Thursday, 1 December 2016

Architecting Innovation Portfolio - Part 1, By Prashant Joglekar @ideabound

Organisations innovate through its people

When organization’s leadership expects people to innovate it makes them tad anxious as most of them start thinking about Thomas Edison, Steve Jobs, Larry Page, Sergey Brin, Elon Musk. They think that as an individual they may never be like them, but we often forget that all these greats were like us before they attained the greatness. The quality of being a contrarian has put them in the north star position.


Other reason probably is the risk associated with innovation/s. Clayton Christensen in his ground breaking work on disruptive innovation has revealed that risk averse nature of successful leaders also stalls company's effort to innovate. The higher the risk longer is the process of evaluation of the selected idea and thus longer is the duration before it sees the light of the day.

The other questions organizations grapple with is whether innovation efforts should be top down or bottoms up, do everyone need to be involved or it be restricted to select business functions like marketing, product development etc, whether what they are doing at present can be called as innovation or not. The list can really go long.

Here are some thoughts of how we can make it systematic and structured. The first & the foremost thing that an organization & its leaders must do is to build an innovation portfolio. If value derived out of innovation is all about more, different & better of good things (benefits) with less & less of bad things (cost and harm) then everyone needs to be invigorated to contribute towards this organisational effort.

Building Innovation Portfolio 
The benefit of building innovation portfolio and sharing it across organisational hierarchies make people acquire a sense of organisation's priorities with regards to innovation. This also ensures their commitment to all execution activities that they need to play part in to achieve larger business goals of the organisation.

There are tools and methods we use to build this, but for now let’s take a macro view of how senior leadership of organizations can architect portfolio of innovation opportuities.

Rishikesha Krishnan (1) in his pretty neat book “8 Steps to Innovation” presents 3 key themes to identify innovation opportunities. These themes are Sense the Wave, Feel the Pain & See the Waste. Let’s understand & build around these themes to architect portfolio of innovation opportunities across product, process and business model. 

Sense the wave 
When we talk of a wave its usually the wave of technologies that are emerging, the ones that has already been put in productive use etc. Promising technologies are nothing but the solutions that are in search of the right problem to solve. 

On the other hand, sensing the market trends help us glean insights about the consumer wave, generally dictated by generation type, thinking styles, PESTLE forces and the context in which a particular set of consumer group thinks & consumes an output.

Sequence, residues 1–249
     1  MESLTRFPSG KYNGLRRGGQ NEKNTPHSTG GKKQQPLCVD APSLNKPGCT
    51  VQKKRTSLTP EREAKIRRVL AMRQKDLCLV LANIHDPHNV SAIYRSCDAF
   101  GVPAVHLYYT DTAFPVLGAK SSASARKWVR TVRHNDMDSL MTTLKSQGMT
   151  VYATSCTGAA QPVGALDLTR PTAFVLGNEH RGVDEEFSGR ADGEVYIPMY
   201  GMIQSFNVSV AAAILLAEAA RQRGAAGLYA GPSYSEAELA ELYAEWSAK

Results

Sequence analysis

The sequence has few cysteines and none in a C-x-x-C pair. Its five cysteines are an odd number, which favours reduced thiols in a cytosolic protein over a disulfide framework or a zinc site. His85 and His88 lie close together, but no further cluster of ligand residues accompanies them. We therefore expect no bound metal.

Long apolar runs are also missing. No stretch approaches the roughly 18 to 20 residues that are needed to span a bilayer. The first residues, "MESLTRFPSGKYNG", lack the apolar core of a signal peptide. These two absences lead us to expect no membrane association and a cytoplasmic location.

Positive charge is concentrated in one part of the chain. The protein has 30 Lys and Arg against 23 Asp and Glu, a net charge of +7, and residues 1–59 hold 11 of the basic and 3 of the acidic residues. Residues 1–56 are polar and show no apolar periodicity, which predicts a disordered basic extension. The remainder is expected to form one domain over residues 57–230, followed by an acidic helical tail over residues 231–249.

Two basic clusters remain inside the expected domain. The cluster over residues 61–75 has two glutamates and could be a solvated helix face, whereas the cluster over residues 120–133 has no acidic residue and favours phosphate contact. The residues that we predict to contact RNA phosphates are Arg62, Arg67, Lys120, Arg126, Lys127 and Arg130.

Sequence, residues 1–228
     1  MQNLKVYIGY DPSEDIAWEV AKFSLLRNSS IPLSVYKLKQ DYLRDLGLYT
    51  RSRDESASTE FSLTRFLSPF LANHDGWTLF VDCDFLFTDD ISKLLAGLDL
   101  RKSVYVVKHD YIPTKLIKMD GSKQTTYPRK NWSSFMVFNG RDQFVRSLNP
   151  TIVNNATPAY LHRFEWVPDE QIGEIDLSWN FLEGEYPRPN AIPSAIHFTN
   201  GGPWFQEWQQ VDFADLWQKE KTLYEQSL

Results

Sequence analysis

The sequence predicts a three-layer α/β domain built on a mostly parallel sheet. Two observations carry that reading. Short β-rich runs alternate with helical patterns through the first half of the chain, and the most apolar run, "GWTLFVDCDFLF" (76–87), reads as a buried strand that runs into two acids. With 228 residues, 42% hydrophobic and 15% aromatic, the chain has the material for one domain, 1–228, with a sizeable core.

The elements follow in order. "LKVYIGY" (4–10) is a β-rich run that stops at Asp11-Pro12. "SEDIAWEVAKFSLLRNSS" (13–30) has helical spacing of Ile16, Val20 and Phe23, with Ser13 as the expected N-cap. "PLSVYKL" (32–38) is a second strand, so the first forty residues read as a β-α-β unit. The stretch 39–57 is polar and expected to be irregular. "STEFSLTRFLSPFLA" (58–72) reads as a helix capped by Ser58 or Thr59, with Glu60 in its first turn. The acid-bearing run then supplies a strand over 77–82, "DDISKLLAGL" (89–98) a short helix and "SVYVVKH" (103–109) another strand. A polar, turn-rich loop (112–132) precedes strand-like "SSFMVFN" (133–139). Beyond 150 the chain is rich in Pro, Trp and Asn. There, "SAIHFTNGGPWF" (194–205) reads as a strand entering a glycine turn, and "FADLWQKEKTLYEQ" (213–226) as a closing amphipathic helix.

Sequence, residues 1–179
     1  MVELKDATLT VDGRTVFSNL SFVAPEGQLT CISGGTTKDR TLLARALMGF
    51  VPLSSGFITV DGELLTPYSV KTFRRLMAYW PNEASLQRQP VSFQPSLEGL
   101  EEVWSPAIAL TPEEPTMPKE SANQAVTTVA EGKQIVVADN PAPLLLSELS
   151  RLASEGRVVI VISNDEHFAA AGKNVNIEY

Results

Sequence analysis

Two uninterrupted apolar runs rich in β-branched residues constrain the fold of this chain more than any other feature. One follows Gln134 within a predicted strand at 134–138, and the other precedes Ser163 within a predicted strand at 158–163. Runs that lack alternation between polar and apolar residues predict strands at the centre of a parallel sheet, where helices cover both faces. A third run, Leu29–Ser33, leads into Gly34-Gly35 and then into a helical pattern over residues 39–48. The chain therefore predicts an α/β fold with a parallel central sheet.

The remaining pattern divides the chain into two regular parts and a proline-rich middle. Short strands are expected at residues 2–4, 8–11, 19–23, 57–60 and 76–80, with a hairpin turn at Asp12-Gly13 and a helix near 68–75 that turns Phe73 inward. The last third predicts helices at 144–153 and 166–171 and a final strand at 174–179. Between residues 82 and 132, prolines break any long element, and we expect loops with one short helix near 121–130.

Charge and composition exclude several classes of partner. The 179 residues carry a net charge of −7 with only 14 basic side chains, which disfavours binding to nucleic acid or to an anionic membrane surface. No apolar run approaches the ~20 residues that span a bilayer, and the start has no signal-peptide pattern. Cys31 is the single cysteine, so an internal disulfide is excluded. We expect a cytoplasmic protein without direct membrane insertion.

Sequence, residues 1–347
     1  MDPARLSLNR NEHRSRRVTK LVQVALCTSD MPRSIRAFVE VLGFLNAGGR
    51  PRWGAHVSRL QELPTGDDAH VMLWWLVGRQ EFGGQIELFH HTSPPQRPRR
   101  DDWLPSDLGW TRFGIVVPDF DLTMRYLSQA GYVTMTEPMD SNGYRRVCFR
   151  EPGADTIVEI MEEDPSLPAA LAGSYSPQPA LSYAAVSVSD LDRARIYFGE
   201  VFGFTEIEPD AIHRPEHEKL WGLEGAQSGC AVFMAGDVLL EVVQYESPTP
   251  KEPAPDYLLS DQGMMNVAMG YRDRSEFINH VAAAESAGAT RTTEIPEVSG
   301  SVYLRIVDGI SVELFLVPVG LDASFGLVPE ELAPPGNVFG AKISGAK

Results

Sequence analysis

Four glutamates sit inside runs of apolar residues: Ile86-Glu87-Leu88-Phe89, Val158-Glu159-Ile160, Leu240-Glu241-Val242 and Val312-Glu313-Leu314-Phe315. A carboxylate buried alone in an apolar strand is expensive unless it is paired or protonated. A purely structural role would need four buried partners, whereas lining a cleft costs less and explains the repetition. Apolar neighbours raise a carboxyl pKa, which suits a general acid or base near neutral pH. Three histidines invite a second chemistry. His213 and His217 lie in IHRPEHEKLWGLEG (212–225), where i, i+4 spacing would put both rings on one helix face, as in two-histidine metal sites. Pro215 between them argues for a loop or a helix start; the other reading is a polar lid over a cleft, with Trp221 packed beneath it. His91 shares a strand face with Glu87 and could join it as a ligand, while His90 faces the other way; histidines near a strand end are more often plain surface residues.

These set of customers or business organizations (even organization has a personality broadly referred as a culture, generally influenced by its leadership) implicitly informs provider businesses about the expectation of value to be delivered by its products & services. At the cost of repetition & just to drive the above point, I would say Apple and Amazon have perfectly leveraged both these trends.

Feel the pain
Disruptive opportunities are generally discovered by understanding existing pains that consumer faces while using current product or services. A simple rule of thumb one can apply to unearth innovation opportunities is to look at 4 dimensions of consumption viz. access, skill to use, convenience and cost of acquisition, maintenance & usage. Customer journey & job mapping are some of the ways to look at it & spot hidden opportunities across these 4 dimensions. 

‘Jobs to be done’ and ‘Outcome Expectations’ are some of the tools that help us decode the opportunities through the themes that we discussed above. 

See the waste
Although product/service life cycles curves are shortening & will vary according to the nature of the business viz B2C or B2B, there is always a steady state or growth phase of product / service life cycle, it can range from months, years or decade depending upon the nature of the industry. In this phase, businesses need to stay competitive by slashing down the waste in everything across the value chain. So for a product it will be value engineering efforts, for processes it will be application of lean thinking to eliminate wastes and re-engineer the processes with an objective to achieve the maximum output at faster speed with minimum unit input. 

Here is a snapshot of how the innovation portfolio may look like, the risk & reward metrics of innovation will proportionately taper down as we travel down through these individual approaches viz ‘sense the wave’, ’feel the pain’ to ‘see the waste’ respectively.




Are you ready to build innovation portfolio for your organization? Let me know if you have any questions, will be happy to answer & help.  

References

1) 8 Steps To Innovation : Rishikesha T. Krishnan, Vinay Dabholkar, Collins Business 

The article was first published in Mr. Prashant Joglekar's LinkedIn pulse page. It has been re-published here with the authors' permission
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Prashant Joglekar
An engineering postgraduate from IIT Mumbai. His career spans over 21 + years and core skills include Systematic Innovation- TRIZ Training / Facilitation, Business Transformation, Total Quality Management, Business Process Design & Management, Lean and Six Sigma training / facilitation. Prashant's mission is to prepare, nurture innovative minds & broker ideas by cross-pollinating them across an enterprise
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